TALLAHASSEE, Fla. (CBS Tampa) – Women find that unattractive men look better to them when they are taking birth control pills, a new study finds.
Researchers found that women who start or stop hormonal contraception during a relationship tend to experience a drop in sexual satisfaction.
They also found that older women who met their husband while taking birth control and later stopped using it became less satisfied with their marriage. This was only the case if the husband was below average-looking; if the husband was good-looking then the women became even more satisfied.
“Given that women tend to prioritize attractiveness differently when they are on versus off hormonal contraceptives, I thought that going on or off hormonal contraceptives should affect how happy they are with their partner,” Michelle Russell, a graduate student in psychology at Florida State University, and the lead author on this study, told Live Science.
According to the study, the birth control pill may affect women because the progesterone and estrogen they contain affects a women’s fertility and as follows, what they are looking for in a mate.
The researchers found that birth control played a role in their partner’s satisfaction.
These findings suggest that women who are having natural menstrual cycles are more intrigued by good looks, and therefore are still satisfied after they stop taking the pill if their husband is good-looking.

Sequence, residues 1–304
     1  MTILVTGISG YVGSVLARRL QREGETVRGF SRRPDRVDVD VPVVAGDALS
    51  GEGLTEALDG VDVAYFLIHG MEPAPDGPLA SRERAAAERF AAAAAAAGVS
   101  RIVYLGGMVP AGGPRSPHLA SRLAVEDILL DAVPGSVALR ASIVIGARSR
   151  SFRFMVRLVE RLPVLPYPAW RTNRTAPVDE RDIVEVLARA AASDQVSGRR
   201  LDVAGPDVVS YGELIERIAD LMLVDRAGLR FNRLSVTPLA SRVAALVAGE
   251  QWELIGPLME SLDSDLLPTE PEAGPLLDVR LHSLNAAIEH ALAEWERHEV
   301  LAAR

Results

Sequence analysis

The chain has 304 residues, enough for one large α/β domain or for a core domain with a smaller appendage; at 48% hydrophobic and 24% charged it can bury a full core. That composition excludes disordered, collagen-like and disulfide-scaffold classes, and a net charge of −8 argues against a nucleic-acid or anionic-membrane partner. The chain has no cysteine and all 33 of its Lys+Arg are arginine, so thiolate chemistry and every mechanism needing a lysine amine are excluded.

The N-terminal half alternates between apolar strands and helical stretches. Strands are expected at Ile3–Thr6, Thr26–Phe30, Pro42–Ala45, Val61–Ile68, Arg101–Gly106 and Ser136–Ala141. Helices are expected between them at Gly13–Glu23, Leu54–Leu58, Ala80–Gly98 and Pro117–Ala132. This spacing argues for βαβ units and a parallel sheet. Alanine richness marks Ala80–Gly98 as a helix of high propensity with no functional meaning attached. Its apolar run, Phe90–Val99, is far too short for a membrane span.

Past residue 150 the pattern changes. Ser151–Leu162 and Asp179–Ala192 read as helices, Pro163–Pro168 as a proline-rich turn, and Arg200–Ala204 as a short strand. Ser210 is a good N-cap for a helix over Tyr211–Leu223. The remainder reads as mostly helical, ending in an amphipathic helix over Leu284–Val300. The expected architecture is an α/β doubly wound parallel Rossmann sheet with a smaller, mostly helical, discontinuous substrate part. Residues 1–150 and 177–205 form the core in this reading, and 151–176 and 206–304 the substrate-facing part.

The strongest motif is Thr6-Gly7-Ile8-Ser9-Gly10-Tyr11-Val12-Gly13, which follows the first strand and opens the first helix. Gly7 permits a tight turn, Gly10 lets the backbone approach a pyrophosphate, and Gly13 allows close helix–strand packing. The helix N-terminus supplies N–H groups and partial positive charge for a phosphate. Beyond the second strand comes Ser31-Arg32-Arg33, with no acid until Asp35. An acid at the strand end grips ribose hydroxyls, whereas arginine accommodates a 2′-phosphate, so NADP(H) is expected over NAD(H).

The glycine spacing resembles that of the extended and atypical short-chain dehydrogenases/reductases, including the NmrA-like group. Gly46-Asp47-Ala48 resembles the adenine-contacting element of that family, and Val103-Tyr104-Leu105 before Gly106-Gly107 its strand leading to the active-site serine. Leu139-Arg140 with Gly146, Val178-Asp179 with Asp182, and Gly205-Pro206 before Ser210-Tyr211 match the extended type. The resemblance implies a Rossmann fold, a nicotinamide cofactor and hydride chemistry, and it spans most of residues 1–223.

The researchers followed 48 couples through four years of marriage and 70 couples for a period of one year.
The couples were asked questions pertaining to their marital and sexual satisfaction. The women were asked to rate their husband’s looks based on photographs.
“In particular, we were able to control for several other factors that might affect wives’ marital satisfactions, such as whether or not she was pregnant, whether or not she was trying to get pregnant, and her husband’s marital satisfaction,” Russell told Live Science.
Russell and her team were surprised that stopping birth control mid-relationship did not affect satisfaction.
According to the Guttmacher Institute, 17 percent of women ages 15 to 44 were on the birth control pill as of 2010.
The study was published in the journal Proceedings of the National Academy of Sciences.
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